Force Vectors by David Halliday and Robert Resnick

Newton's First Law

Before Newton formulated his mechanics, it was thought that some influence, a "force," was needed to keep a body moving at constant velocity. Similarly, a body was thought to be in its "natural state" when it was at rest. For a body to move with constant velocity, it seemingly had to be propelled in some way, by a push or a pull. Otherwise, it would "naturally" stop moving.

These ideas were reasonable. If you send a puck sliding across a wooden floor, it does indeed slow and then stop. If you want to make it move across the floor with constant velocity, you have to continuously pull or push it.

Send a puck sliding over the ice of a skating rink, however, and it goes a lot farther. You can imagine longer and more slippery surfaces, over which the puck would slide farther and farther. In the limit you can think of a long, extremely slippery surface (said to be a frictionless surface), over which the puck would hardly slow. (We can in fact come close to this situation by sending a puck sliding over a horizontal air table, across which it moves on a film of air.)

From these observations, we can conclude that a body will keep moving with constant velocity if no force acts on it. That leads us to the first of Newton's three laws of motion:

• Newton's First Law: If no net force acts on a body , the body's velocity cannot change; that is, the body cannot accelerate.

Before we begin working problems with forces, we need to discuss several features of forces, such as the force unit, the vector nature of forces, the combining of forces, and the circumstances in which we can measure forces (without being fooled by a fictitious force).

Figure 5-1 A force $\stackrel{\to }{F}$ on the standard kilogram gives that body an acceleration $\stackrel{\to }{a}$.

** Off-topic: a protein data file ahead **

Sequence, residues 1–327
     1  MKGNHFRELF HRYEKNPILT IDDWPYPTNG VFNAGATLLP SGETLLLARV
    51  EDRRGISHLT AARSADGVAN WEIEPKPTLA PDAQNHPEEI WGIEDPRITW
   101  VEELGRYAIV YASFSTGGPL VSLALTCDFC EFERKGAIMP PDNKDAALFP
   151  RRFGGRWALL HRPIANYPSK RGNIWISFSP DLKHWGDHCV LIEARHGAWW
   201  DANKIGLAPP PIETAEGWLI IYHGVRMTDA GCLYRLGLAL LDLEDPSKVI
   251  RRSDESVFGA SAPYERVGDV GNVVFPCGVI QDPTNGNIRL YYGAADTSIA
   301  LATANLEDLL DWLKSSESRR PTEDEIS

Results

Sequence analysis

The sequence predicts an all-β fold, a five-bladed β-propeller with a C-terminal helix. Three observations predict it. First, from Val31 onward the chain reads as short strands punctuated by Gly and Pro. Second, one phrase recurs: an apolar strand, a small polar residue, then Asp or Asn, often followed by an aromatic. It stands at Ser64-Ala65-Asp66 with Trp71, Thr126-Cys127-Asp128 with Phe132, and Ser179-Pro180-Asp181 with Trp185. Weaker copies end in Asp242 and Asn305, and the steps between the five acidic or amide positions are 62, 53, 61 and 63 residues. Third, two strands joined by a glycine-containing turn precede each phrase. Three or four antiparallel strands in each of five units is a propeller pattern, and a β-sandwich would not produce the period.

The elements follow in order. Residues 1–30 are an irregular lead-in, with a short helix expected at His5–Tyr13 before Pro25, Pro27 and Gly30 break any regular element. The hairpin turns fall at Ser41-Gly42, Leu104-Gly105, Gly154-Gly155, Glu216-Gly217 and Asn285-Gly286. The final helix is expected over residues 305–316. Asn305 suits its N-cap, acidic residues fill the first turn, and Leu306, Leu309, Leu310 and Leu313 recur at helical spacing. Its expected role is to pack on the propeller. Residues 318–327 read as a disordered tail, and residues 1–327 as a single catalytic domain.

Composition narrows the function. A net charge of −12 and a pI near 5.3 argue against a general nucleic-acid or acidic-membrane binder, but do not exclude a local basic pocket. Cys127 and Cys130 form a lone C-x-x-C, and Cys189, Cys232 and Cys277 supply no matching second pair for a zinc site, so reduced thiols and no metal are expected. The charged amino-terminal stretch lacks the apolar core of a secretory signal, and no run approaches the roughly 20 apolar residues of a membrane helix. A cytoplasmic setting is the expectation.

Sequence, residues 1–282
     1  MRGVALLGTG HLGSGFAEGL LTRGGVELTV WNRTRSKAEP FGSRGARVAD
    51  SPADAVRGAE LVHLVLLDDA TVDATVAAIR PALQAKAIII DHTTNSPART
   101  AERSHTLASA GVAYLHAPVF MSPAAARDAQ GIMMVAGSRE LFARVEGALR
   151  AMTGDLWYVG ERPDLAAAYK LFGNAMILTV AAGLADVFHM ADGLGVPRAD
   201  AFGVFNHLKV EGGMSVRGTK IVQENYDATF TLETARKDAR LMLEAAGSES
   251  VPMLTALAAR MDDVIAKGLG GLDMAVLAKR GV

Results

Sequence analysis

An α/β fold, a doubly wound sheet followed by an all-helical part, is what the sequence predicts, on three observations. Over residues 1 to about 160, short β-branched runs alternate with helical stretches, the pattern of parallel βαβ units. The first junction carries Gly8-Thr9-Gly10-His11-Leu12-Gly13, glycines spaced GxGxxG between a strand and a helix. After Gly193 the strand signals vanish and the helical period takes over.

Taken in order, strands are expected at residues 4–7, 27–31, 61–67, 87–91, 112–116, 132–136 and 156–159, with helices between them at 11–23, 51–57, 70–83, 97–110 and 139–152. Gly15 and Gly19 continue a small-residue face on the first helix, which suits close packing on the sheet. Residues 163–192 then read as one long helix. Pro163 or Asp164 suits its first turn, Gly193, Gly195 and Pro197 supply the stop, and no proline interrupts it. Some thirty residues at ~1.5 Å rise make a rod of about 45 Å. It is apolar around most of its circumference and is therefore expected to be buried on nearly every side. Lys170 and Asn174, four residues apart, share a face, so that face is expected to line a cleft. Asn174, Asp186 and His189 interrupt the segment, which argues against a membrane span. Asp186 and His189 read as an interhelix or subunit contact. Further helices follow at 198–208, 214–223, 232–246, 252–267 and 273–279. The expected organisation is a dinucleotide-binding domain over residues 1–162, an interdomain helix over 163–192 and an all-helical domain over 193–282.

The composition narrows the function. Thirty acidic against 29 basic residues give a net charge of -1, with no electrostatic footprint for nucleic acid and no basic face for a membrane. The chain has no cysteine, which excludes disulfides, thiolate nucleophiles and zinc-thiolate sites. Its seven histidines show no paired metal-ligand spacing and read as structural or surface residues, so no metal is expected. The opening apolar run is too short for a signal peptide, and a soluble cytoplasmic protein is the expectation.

We can define the unit of force in terms of the acceleration a force would give to the standard kilogram, which has a mass defined to be exactly 1 kg. Suppose we put that body on a horizontal, frictionless surface and pull horizontally (Fig. 5-1) such that the body has an acceleration of 1 m/s2. Then we can define our applied force as having a magnitude of 1 newton (abbreviated N).

If we then pulled with a force magnitude of 2 N, we would find that the acceleration is 2 m/s2. Thus, the acceleration is proportional to the force. If the standard body of 1 kg has an acceleration of magnitude a (in meters per second per second), then the force (in newtons) producing the acceleration has a magnitude equal to a. We now have a workable definition of the force unit.

Vectors. Force is a vector quantity and thus has not only magnitude but also direction. So, if two or more forces act on a body, we find the net force (or resultant force) by adding them as vectors. A single force that has the same magnitude and direction as the calculated net force would then have the same effect as all the individual forces. This fact, called the principle of superposition for forces, makes everyday forces reasonable and predictable. The world would indeed be strange and unpredictable if, say, you and a friend each pulled on the standard body with a force of 1 N and somehow the net pull was 14 N and the resulting acceleration was 14 m/s2.